StarCraft II: Wings Of Liberty Discussion, Screenshots
6:00 AM | Cord Kruse | 1 comment
1UP.com has posted a new interview with StarCraft II: Wings of Liberty lead designer, Dustin Browder. The article focuses on the first game in the trilogy and includes commentary about the game's nonlinear elements and storyline. Gameinfowire has also added to the StarCraft II information with a selection of screenshots from the game.
1UP: Do you anticipate the production cycle for the StarCraft 2 trilogy to feel like making three separate games, or more like World of WarCraft and its expansions, where the bulk of the work is on the first installment, and subsequent ones are more about iterating and refining rather than inventing? To read the full interview and check out the screenshots from 1UP.com and Gameinfowire click on the links provided below.
1UP.com: StarCraft II Interview
DB: Well that's the hope; that a good amount of the hard work of designing gameplay mechanics and systems, as well as the internal tasks of creating tools and protocols to develop all this content, is mostly settled at this point as we get deeper into the creation of the core game. So once we ship the core game of StarCraft 2 and start delving into the expansions, we'll have a great deal of that infrastructure under our belts and be able to concentrate primarily on content creation for the two expansion sets.
That said, we're conscious of making sure we are providing new and compelling content for the expansions. The meta-aspects of the Zerg and Protoss campaigns, for example, will work a lot differently than how we're doing things with the core StarCraft 2 game. It doesn't make sense for Kerrigan to be flying around in a battlecruiser and picking out mercenary missions for cash, which is what you'll be doing with Raynor in the core game's campaign. So we'll be doing something different with Kerrigan to get her to evolve and grow her Zerg army. Meanwhile, Zeratul's Protoss campaign may require you to engage in diplomacy with the different Protoss tribes in order to gain access to different units and technologies.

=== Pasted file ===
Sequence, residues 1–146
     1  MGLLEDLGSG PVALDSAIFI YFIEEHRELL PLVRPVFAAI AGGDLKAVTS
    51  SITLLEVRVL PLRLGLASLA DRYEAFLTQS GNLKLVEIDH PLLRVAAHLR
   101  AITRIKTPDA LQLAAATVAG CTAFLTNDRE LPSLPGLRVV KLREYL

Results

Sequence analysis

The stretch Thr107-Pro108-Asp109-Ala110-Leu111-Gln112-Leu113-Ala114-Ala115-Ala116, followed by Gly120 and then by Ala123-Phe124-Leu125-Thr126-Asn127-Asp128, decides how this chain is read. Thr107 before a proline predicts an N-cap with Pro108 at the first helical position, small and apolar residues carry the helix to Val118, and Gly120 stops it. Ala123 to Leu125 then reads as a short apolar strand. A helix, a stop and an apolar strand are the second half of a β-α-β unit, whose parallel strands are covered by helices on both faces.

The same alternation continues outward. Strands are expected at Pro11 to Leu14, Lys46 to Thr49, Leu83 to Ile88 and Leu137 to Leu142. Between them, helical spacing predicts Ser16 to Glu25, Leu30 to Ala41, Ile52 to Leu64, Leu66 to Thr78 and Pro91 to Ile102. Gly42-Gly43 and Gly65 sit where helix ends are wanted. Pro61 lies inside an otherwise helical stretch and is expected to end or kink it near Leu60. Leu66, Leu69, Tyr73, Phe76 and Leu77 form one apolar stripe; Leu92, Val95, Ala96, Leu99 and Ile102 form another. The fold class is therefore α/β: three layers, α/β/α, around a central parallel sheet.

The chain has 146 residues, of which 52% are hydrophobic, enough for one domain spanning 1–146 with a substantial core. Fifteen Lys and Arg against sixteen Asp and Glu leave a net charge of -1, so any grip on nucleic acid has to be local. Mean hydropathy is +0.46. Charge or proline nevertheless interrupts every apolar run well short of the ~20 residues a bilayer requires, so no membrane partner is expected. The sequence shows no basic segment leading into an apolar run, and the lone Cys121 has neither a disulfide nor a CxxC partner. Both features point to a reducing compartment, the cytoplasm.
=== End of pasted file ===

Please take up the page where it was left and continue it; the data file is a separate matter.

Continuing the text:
1UP: There was mention of how the campaigns eventually grew too large to be encapsulated in a single title. Now that each race's campaign has more room, can you elaborate on things you could do in a 30 mission Terran campaign that you couldn't do in a 10 mission one?
DB: The primary thing we can do is structure the campaign in a non-linear fashion. Being able to focus on one race for 26 to 30 missions gives us the breathing room to give players meaningful choices as to which parts of the galaxy they want to explore first, and the ability to create side plots. It also gives us the leeway to introduce more characters, more locations, and allow us some room to explore those characters and settings in more depth. Trying to cram all of that into 10 missions at a time didn't seem feasible, and would have negatively impacted our design goals as well as our story presentation.
1UP: Touching on the non-linear campaign comment earlier, how will this affect the actual plot? Despite a non-linear mission structure, will the story still be a tightly constructed, linear affair, or will you be able to change some elements of it depending on your story? And if so, will those changes be reflected in the plot and missions of the subsequent campaigns?
DB: There's still going to be a discrete beginning and ending to the storyline in each campaign. The path you take to get from point A to point B is what's going to vary from player to player. There will be side-plots you explore where the choices you make can affect the fate of certain characters, or possibly worlds. But we still want to ensure that we're telling one single, coherent story, and that we avoid any ambiguity in the primary plot arc.
GameinfoWire: StarCraft II Screenshots
StarCraft II: Wings Of Liberty
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